I met the mom this past year at a conference for parents of gifted students and it was funny because when SHE presented the story it was based a lot more on her daughter’s abilities (she says she is profoundly gifted) and desire to learn outside a traditional classroom.  As I read the article again, it was clear that this was no ordinary child.  She’s done things from teaching Shakespeare to youngsters to studying the harp in Ireland.

Whoever the driver of this feat was, it’s clear that the parents did everything they could to let the child’s passions and desire to learn blossom.

Reading it again this week, it totally shames me.  I had intended to do a short learning time with my son every day this summer (and make him read something everyday – besides the Tivo listings.)  I think it’s happened 3 times this summer.  Maybe.

The whole article is here in the Chicago Tribune archives:

July 20, 2009 at 2:18 pm 6 comments

Nettelhorst to march in Gay Pride Parade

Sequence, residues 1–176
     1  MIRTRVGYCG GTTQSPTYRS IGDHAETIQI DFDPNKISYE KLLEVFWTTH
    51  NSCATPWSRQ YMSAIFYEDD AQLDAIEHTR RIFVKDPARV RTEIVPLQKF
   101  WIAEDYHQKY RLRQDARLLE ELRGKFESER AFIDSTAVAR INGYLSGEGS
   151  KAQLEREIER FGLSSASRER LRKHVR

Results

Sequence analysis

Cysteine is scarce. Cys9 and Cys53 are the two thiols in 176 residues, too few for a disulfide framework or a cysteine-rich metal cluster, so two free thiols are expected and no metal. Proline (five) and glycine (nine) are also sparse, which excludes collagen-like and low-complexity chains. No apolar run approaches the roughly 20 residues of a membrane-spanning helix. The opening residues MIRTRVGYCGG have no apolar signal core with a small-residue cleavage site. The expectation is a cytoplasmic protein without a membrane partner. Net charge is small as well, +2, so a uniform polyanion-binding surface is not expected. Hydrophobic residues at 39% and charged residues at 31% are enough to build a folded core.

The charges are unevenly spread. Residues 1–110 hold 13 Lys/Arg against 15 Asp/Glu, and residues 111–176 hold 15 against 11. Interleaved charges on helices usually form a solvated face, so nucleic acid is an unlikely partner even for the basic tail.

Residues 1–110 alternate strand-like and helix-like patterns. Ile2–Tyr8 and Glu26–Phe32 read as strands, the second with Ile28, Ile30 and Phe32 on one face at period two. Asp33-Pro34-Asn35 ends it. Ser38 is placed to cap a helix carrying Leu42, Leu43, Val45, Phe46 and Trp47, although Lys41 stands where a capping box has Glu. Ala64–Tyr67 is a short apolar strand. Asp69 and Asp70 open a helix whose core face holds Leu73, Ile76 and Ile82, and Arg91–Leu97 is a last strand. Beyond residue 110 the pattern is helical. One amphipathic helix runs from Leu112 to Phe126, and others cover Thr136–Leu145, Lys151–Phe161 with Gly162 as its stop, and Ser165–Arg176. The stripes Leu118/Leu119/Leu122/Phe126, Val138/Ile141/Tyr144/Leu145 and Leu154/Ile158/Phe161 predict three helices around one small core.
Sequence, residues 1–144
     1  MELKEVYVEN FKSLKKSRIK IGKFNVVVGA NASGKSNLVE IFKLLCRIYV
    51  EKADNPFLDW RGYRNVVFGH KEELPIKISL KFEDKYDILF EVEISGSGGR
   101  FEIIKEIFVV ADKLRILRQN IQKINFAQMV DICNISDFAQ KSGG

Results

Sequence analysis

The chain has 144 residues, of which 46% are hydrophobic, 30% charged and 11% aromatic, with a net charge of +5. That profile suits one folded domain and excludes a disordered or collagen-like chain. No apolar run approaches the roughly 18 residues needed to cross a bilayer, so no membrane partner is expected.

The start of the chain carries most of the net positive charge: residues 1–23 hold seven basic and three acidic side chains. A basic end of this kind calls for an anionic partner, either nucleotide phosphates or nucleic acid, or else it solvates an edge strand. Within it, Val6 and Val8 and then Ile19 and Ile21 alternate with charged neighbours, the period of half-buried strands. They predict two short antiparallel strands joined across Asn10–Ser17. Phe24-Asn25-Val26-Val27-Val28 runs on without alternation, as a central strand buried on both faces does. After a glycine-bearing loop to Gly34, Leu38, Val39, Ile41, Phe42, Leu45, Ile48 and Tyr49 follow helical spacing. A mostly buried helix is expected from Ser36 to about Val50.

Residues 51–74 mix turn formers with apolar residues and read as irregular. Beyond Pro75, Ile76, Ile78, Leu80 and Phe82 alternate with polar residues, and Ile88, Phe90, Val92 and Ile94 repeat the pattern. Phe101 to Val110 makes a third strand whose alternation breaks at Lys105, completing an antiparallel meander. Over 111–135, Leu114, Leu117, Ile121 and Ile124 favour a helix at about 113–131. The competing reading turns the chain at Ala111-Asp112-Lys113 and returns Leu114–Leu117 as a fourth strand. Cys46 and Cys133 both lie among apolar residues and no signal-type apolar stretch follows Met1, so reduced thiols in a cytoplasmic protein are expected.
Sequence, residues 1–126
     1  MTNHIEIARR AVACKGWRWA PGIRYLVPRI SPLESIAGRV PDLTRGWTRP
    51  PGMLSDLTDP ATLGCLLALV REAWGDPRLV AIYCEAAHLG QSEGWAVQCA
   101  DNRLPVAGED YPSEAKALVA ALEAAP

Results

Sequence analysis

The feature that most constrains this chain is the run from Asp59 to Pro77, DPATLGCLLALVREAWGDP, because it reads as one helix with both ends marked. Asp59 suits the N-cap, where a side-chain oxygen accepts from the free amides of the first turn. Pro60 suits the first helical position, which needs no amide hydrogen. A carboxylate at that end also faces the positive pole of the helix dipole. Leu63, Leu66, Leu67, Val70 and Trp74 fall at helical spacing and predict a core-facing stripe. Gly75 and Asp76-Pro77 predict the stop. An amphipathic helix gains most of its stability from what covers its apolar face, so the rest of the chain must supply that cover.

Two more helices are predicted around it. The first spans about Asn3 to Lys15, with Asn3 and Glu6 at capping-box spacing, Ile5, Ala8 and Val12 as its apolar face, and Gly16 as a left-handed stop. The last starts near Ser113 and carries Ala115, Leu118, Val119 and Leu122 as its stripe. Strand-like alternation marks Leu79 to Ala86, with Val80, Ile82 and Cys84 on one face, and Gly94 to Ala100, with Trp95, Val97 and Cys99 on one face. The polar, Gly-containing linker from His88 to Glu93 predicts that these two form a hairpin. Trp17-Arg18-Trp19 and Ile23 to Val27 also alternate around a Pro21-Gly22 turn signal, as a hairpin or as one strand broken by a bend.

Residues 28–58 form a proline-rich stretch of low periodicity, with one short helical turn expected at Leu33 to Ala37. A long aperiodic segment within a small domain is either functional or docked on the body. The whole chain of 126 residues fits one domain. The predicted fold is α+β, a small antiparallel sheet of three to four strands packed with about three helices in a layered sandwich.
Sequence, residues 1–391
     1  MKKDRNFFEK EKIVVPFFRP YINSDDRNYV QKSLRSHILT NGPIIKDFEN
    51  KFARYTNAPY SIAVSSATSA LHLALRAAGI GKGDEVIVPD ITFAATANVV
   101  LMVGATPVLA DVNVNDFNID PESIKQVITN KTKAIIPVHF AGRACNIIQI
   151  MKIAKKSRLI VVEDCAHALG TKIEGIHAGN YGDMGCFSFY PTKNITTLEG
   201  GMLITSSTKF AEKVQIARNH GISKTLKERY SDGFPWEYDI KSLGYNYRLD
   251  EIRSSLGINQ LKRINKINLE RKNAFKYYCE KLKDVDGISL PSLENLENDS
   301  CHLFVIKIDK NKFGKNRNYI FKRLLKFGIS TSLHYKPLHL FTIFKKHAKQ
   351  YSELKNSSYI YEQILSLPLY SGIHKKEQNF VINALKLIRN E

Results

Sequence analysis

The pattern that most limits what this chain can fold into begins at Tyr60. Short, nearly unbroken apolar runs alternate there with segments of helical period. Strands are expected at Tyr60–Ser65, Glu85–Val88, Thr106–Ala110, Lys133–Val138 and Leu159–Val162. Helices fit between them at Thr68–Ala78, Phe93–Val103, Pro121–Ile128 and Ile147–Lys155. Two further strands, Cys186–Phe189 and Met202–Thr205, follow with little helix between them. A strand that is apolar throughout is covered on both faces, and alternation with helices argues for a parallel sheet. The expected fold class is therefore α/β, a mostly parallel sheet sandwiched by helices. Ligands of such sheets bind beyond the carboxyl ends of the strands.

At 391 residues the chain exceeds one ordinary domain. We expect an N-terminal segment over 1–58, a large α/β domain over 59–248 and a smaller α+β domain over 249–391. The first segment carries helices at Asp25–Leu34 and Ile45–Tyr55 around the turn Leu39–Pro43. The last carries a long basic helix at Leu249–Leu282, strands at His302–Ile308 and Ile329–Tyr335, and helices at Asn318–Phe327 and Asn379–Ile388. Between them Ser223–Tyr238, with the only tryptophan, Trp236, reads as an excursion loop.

Pride FlagWow, this is pretty cool.  Parents from the Nettelhorst Elem School have organized to march (with their kids) in the Gay Pride Parade this year.  They’ll be the first school to march in the parade. 

Nettelhorst is located in Lakeview near Broadway and Belmont in the heart of Chicago’s main gay community.  Parents want to show support for the community and to help their kids realize that there are families of all types.

I think it’s a cool idea.  Not sure how the parents will handle explaining some of the outfits they’re likely to see there that day but hey, a parade is always a good time.  I took my son to the Andersonville Midsommerfest last year and he still refers to it as the “festival where all the guys had their shirts off.”